Courses in Global Issues
One of CSULB’s Institutional Learning Outcomes is that graduates will be critically and ethically engaged in global issues as well as knowledgeable about and respectful of a diversity of cultures. To this end, the courses featured below expose students to cultural and social topics and issues beyond the US.
Featured Courses – December 2019
ANTH 120: Introduction to Cultural Anthropology – Dr. Kara Miller, Dr. Steven Rousso-Schindler, Dr. Thomas J. Douglas, and Linda D. Light
Nature of culture; comparative and historical approach to religion, social organization, subsistence patterns and other aspects of cultures around the world; meanings of human nature, cultural universals and cultural differences.
ANTH 307: Modernization in Global Perspective – Dr. Melissa Sue Maceyko
Exploration of psychological and material problems in modern society (both western and Third World) due to accelerating change beginning with advance of technology, rise of capitalism, abandonment of “old values,” increasing complexity of bureaucracy, and lowering of social barriers.
ANTH 314: Global Ethnography – Dr. Jayne Howell
Recent and contemporary cultures around the world; a comparative survey of their ecological adaptations, social institutions, technology, subsistence strategies, degrees of complexity, and patterns of change.
ANTH 353: Health and Healing – Dr. Denise Cucurny
Cultural perspective of health and health care delivery; coverage of diverse cultures in the United States and abroad; emphasis on increasing personal awareness through exposure to diverse perceptions of illness and treatment.
ANTH 412: Culture and Communication – Linda D. Light and Dr. Melissa Sue Maceyko
Culture and its influence on the communication process; practical application to intercultural and multicultural situations; cultural patterns in America and abroad and their effect on verbal and nonverbal communicative behavior; cultural dimensions of ethnocentrism, stereotypes, and prejudices and their effect on communication; multicultural approaches to human interaction.
GEOG 100: World Regional Geography – Austin Beahm, Eddie Bairam, Dr. Norman Carter, Joseph Diminutto, and Dr. Dmitrii Sidorov
Through a spatial approach, introduction to the world’s geographic realms and examination of their cultural, population and political dynamics, resources and economic development, patterns of settlement and environmental elements.
GEOG 101: The Global Environment – Dr. Monica Argandoña, Austin Beahm, and Dr. Angela Wranic
Introduction to the Earth’s principal human-environmental relationships and biogeographic processes with a focus on how human actions impact the geography of living things from the local to the global scale.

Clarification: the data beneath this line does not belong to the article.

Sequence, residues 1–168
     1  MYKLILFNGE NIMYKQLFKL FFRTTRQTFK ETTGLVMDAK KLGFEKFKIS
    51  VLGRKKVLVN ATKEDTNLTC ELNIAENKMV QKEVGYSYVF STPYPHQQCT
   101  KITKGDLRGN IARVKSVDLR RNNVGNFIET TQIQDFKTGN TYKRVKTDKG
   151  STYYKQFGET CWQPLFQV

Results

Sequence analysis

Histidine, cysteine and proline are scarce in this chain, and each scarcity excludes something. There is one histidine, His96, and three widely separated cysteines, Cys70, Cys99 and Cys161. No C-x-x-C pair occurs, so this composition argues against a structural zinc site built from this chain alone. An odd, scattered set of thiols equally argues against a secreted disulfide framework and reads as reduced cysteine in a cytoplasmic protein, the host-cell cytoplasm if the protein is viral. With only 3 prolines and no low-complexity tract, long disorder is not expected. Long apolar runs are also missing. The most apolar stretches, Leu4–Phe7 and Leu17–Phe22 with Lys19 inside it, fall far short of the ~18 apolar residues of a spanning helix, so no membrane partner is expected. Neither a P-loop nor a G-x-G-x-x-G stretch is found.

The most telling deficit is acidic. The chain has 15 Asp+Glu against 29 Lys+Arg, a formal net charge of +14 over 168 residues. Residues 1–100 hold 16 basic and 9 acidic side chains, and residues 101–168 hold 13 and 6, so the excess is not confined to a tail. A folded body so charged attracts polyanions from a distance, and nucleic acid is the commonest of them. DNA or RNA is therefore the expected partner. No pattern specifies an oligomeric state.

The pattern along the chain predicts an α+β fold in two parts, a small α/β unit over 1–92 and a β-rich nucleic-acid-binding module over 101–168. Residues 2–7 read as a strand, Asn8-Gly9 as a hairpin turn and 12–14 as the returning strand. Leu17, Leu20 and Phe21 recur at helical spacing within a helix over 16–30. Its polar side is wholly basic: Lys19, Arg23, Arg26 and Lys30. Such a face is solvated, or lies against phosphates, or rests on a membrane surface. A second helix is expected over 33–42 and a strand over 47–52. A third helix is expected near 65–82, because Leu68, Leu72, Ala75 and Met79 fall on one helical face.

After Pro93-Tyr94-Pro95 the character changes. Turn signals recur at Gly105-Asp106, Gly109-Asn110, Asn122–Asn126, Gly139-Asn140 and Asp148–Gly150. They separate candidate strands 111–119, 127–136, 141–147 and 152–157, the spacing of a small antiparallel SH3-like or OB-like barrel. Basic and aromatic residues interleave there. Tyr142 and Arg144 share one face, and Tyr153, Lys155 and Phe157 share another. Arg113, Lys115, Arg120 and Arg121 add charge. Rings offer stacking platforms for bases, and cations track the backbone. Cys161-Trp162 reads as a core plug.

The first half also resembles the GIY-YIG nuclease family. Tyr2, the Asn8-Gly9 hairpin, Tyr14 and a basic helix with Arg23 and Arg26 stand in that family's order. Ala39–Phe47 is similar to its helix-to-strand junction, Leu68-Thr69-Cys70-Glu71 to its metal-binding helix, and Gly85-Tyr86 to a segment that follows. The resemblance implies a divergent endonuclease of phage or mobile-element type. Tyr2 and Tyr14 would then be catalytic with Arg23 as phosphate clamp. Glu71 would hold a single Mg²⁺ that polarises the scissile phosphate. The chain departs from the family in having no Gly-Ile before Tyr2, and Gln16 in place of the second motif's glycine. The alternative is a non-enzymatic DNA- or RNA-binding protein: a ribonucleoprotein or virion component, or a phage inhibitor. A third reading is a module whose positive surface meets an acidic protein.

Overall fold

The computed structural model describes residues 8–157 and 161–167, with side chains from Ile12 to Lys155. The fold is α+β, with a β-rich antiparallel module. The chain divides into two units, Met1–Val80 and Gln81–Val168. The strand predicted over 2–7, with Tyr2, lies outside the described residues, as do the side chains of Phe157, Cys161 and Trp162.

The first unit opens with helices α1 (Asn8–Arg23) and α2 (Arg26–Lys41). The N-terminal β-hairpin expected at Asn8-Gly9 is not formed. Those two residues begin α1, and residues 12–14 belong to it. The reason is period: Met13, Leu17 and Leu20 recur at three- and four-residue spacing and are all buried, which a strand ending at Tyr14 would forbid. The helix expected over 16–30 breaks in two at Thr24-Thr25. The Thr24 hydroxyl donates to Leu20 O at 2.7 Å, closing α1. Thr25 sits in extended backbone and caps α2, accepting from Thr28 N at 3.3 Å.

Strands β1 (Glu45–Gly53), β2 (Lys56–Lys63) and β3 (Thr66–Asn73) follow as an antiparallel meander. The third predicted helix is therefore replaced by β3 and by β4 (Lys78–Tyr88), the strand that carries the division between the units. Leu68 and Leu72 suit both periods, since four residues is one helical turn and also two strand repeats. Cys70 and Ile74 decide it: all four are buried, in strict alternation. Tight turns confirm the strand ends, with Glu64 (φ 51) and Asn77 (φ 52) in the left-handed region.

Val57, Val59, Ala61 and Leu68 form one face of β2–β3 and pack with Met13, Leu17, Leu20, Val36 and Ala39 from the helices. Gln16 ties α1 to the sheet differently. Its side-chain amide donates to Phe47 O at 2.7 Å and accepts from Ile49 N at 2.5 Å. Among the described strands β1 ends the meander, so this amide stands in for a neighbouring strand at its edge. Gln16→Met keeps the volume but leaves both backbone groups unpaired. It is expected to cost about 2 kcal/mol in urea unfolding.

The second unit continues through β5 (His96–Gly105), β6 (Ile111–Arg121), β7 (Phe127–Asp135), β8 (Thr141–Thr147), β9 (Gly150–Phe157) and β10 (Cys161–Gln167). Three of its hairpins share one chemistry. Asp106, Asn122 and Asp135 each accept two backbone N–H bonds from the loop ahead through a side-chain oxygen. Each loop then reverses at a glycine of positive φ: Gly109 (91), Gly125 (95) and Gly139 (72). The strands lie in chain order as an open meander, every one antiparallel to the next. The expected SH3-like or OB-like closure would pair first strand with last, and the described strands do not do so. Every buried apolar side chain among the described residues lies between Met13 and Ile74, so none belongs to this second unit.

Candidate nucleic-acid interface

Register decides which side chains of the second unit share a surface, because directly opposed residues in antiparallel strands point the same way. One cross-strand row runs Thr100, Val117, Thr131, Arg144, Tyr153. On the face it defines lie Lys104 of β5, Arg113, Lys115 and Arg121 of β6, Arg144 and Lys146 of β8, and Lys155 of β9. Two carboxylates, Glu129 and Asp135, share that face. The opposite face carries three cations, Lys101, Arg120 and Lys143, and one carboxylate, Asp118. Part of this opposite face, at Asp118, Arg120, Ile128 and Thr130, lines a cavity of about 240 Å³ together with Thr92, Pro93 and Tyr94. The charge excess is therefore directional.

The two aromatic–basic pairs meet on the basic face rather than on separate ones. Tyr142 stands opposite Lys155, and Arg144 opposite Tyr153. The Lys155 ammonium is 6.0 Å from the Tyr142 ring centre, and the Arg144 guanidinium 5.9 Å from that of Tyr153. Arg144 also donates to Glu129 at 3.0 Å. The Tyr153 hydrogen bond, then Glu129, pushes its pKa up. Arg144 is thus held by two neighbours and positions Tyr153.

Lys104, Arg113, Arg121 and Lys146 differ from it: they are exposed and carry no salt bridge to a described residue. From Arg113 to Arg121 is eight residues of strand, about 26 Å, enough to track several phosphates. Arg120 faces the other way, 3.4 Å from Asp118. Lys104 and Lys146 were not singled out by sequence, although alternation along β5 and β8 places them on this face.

GEOG 309: The Middle East and North Africa – Eddie Bairam
Human and physical settings of the Middle East and North Africa and the cultural, economic, settlement, and political relationships that characterize them stressing those factors which underlie the region’s instability and global importance.
GEOG 315: East Asia – Dr. Norman Carter
Cross-cultural examination of the characteristics and problems found across East Asia, specifically, environmental and cultural patterns, historical development of the spatial organization of society, demographic and other dynamics of social change, and issues of socioeconomic and political development.
GEOG 318: Russia and Its Neighbors – Dr. Dmitrii Sidorov
This regional course is taught entirely online allowing students to immerse into the realm of Russia and other post-Soviet independent states visually: all lectures are provided in the form of videos that can be viewed multiple times, with subtitles or without them. Many of the lectures are essentially field trips conducted by the instructor in the realm’s core regions (Moscow, St. Petersburg, Ukraine) or at its margins (Central Asia, the Baltics, and the Caucasus, thanks to CLA RSCA and U.S. Department of Education grants). Guest lectures are another rare feature of the course. In addition to fulfilling the Global Issues GE requirement, graduating students especially like the precise structure and the variety of assignments in this “graduation-friendly” course as well as the fact that they are free from the hassle of visiting campus. A native Russian professor who has rare first-hand insights into the country teaches the course. Arguably, this is one of the best intro courses on Russia’s geography in the whole U.S. By utilizing a cultural (civilizational) perspective that highlights long-lasting, post-Cold War, foundational, global patterns and trends, this course makes understanding of the largest country in the world both doable and enjoying.
GEOG 319: International Development – Dr. Barbara Grossman-Thompson
Theoretical and practical analysis of social, political, and economic development and alternative developmental models. Contemporary and historical comparisons of how “developed” and “developing” areas of the world have confronted various economic, social, and political challenges.